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Frequently Asked Questions

About generics

Q. What are generic drugs?
A. A generic drug is a therapeutic equivalent to a brand-name drug in dosage, safety, strength, how it is taken, quality, performance and intended use.

Q. Who inspects and governs generic drugs?
A. The FDA (Food and Drug Administration) is responsible for protecting the public health by assuring the safety, efficacy, and security of human and veterinary drugs, biological products, medical devices, our nation’s food supply, cosmetics, and products that emit radiation. The FDA is also responsible for advancing the public health by helping to speed innovations that make medicines and foods more effective, safer, and more affordable; and helping the public get the accurate, science-based information they need to use medicines and foods to improve their health. The FDA periodically inspects manufacturing facilities, clinical trials, pharmacies, etc. to uphold consistent quality assurance.

Q. Are generic drugs as safe as brand-name drugs?
A. Yes. The FDA requires that all drugs are proven safe and effective through clinical trials and post-market analysis. Since generics use the same active ingredients and are shown to work the same way in the body, they have the same risks and benefits as their brand-name counterparts.

Q. Are generic drugs as strong as brand-name drugs?
A. Yes. FDA requires generic drugs to have the same quality, strength, purity and stability as brand-name drugs.

Q. Are brand-name drugs made in more modern facilities than generic drugs?
A. No. Both brand name and generic drug facilities must meet the same standards of good manufacturing practices. FDA won't permit drugs to be made in substandard facilities. FDA conducts about 3,500 inspections a year to ensure standards are met. Generic firms have facilities comparable to those of brand-name firms. In fact, brand-name firms are linked to an estimated 50 percent of generic drug production. They frequently make copies of their own or other brand name drugs but sell them without the brand name.

Q. Why are generic drugs less expensive?
A. Generic drugs are less expensive because generic manufacturers don't have the investment costs of the developer of a new drug. New drugs are developed under patent protection. The patent protects the investment—including research, development, marketing, and promotion—by giving the company the sole right to sell the drug while it is in effect. As patents near expiration, manufacturers can apply to the FDA to sell generic versions. The generic manufacturers have lower development costs and can afford to sell their product at a lower price. Once generic drugs are approved, there is greater competition, which also keeps the price down. Today, almost half of all prescriptions are filled with generic drugs.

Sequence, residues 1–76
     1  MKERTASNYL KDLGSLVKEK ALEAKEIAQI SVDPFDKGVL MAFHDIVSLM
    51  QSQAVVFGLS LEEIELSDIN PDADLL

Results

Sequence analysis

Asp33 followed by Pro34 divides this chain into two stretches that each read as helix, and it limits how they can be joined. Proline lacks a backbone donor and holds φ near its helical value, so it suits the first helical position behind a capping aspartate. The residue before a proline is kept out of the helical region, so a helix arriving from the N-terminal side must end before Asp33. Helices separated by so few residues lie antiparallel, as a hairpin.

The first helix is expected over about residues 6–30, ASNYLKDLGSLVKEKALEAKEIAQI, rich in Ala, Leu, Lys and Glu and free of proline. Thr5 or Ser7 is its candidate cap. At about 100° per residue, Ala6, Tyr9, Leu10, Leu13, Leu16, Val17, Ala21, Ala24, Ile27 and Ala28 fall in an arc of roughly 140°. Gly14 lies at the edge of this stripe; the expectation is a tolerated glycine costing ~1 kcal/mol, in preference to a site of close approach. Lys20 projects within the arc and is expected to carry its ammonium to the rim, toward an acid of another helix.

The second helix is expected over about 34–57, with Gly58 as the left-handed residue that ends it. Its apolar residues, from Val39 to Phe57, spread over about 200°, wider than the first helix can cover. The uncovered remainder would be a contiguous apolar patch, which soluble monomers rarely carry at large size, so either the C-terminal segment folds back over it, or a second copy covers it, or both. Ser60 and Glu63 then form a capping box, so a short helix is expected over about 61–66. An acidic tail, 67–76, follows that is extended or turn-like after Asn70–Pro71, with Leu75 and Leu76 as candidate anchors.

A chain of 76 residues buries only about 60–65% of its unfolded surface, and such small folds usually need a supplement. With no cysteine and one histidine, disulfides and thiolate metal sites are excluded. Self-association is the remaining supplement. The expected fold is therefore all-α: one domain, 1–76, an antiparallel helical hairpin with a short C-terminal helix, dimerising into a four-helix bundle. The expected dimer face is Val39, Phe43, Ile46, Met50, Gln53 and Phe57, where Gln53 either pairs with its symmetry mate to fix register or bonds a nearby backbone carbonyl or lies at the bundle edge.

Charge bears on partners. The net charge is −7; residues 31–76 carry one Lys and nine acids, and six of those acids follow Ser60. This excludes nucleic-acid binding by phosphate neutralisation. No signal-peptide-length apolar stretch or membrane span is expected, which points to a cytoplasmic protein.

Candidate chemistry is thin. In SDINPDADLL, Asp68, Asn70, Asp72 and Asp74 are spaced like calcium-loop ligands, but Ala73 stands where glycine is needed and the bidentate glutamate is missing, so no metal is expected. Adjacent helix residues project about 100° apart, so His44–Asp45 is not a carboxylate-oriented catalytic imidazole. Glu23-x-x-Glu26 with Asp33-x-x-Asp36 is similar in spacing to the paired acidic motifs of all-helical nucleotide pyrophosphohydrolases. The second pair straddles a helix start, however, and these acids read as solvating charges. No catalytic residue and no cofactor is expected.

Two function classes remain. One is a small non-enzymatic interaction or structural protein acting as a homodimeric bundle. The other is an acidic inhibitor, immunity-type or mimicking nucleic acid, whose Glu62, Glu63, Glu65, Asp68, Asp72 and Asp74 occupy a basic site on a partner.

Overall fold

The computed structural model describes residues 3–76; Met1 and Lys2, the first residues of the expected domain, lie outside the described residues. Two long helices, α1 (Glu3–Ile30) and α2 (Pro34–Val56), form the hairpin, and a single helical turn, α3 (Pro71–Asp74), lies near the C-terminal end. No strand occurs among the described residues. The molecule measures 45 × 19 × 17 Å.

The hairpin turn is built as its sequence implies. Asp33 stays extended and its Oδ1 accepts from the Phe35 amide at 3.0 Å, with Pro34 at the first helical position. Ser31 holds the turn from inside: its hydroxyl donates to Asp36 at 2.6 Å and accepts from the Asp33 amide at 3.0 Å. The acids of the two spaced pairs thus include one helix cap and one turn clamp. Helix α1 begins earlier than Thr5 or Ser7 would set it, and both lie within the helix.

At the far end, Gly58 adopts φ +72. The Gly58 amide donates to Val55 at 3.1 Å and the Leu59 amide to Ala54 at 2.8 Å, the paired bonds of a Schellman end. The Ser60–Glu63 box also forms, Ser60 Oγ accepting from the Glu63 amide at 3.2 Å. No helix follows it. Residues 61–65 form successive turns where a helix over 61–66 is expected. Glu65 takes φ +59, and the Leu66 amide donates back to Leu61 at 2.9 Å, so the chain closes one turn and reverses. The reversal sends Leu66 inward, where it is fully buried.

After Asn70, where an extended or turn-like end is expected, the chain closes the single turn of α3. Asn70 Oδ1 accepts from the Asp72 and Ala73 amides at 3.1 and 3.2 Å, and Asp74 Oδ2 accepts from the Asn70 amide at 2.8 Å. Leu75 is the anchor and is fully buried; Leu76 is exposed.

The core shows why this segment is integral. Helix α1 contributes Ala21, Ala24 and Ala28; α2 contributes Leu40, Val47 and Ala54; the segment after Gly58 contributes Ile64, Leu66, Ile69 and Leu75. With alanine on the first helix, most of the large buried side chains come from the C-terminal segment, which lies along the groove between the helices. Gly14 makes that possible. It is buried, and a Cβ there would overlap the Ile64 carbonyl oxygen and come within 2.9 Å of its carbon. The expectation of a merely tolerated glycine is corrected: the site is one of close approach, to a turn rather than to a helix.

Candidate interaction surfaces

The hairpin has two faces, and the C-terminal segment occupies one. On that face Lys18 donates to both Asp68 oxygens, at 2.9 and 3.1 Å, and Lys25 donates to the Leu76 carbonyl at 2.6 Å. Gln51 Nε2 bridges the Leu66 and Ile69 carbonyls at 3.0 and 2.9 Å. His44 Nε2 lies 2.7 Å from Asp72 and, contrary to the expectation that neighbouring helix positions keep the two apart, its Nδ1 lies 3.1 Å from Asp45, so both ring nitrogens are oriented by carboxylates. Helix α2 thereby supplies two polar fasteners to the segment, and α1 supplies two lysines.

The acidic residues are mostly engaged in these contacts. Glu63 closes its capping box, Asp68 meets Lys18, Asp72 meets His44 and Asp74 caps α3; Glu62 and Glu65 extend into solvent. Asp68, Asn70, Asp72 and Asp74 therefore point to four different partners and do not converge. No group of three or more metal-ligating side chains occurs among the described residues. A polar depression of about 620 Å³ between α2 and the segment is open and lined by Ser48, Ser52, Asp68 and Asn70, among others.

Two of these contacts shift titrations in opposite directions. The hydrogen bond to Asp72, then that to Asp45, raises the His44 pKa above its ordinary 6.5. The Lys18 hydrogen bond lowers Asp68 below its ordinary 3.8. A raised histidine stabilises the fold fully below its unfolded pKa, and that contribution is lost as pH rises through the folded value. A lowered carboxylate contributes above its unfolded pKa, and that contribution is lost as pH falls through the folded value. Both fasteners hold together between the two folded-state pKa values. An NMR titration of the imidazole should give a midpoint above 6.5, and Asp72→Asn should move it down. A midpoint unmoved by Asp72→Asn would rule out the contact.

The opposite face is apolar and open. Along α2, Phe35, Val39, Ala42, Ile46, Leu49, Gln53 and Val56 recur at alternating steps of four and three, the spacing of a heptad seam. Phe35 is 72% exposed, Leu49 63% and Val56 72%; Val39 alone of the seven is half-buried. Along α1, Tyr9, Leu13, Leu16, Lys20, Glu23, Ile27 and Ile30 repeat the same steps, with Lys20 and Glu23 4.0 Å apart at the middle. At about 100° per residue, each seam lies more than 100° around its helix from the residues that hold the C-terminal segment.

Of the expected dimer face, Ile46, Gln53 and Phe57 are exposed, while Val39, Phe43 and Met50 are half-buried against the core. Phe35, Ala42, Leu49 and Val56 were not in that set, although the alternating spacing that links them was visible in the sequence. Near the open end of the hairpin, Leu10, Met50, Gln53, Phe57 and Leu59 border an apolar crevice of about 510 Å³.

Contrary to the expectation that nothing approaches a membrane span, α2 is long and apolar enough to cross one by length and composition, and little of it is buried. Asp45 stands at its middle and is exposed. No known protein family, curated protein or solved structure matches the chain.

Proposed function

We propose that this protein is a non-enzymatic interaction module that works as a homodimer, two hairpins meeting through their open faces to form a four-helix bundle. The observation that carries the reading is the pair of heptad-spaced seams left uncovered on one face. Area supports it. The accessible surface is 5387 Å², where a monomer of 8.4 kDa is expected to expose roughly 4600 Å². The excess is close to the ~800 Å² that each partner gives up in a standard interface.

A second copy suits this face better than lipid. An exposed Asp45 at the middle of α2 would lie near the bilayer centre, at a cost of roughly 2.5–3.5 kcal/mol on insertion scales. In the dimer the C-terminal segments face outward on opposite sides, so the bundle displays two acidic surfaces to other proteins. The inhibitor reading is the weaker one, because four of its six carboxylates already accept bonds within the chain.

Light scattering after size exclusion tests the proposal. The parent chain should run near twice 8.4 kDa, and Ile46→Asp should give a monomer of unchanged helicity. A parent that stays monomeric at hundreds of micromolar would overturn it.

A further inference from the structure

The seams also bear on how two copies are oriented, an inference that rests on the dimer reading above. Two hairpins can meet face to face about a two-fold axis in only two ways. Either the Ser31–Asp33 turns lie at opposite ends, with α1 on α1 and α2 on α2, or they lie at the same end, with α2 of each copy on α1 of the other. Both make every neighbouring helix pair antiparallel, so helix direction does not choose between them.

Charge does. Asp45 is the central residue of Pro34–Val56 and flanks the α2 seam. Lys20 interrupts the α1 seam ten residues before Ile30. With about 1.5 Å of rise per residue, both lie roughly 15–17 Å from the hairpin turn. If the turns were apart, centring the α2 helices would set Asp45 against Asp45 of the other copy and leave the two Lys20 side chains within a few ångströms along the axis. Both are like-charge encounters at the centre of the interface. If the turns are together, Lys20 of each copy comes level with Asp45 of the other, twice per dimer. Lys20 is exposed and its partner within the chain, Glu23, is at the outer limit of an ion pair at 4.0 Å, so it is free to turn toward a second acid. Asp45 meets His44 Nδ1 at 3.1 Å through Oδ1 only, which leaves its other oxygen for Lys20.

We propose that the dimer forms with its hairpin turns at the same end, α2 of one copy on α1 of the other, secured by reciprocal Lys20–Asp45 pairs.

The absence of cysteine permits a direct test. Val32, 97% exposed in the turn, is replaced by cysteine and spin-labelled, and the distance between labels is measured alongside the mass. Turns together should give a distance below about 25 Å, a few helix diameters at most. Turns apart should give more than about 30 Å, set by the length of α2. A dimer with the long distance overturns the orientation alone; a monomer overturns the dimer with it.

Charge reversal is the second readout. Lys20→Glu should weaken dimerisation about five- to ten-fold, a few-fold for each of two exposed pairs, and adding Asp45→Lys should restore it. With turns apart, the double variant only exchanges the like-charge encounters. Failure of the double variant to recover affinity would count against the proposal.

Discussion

Q. If brand-name drugs and generic drugs have the same active ingredients, why do they look different?
A. In the United States, trademark laws do not allow a generic drug to look exactly like the brand-name drug. However, a generic drug must duplicate the active ingredient. Colors, flavors, and certain other “inactive” ingredients may be different.

Q. Do generic drugs take longer to work in the body?
A. No. Generic drugs work in the same way and in the same amount of time as brand-name drugs.

Q. Does every brand-name drug have a generic counterpart?
A. No. Brand-name drugs are generally given patent protection for 20 years from the date of submission of the patent. This provides protection for the innovator who laid out the initial costs (including research, development, and marketing expenses) to develop the new drug. However, when the patent expires, other drug companies can introduce competitive generic versions, but only after they have been thoroughly tested by the manufacturer and approved by the FDA.

Q. What characterizes a successful generic drug company today?
A. The mission of a successful drug company is to provide quality, affordable pharmaceuticals while maintaining a competitive edge, constantly embracing change in order to fulfill the needs of our valued customers, shareholders and dedicated employees. This continued focus is parallel with an effort in lowering health care costs for the patients that are prescribed pharmaceutical products by developing and introducing new generic pharmaceuticals into the national market.

Q. How do consumers request generic drugs?
A. Consumers seeking generic drugs can simply ask their doctor or pharmacist.

Q. What is an ANDA?
A. An "ANDA" is an Abbreviated New Drug Application. It is the process of obtaining approval to market a generic drug. An ANDA contains information demonstrating that the generic drug is bioequivalent to the brand-name product and certification that the generic drug does not infringe on any patent for the brand-name product listed in the Orange Book or certification that the listed patents are invalid.

Q. What is Bioequivalence?
A. It is the Food & Drug Administration requirement that the active ingredient of a generic drug be absorbed into the body and metabolized in approximately the same amount over approximately the same period as the active ingredient of the innovator drug. Bio-equivalence is demonstrated in two ways. Dissolution testing determines if the generic drug product dissolves in approximately the same amount of time as the innovator product. Blood-level testing is done by giving the generic drug product to humans and measuring how much of the drug enters the bloodstream, how fast it does so, and how long it takes to leave the body.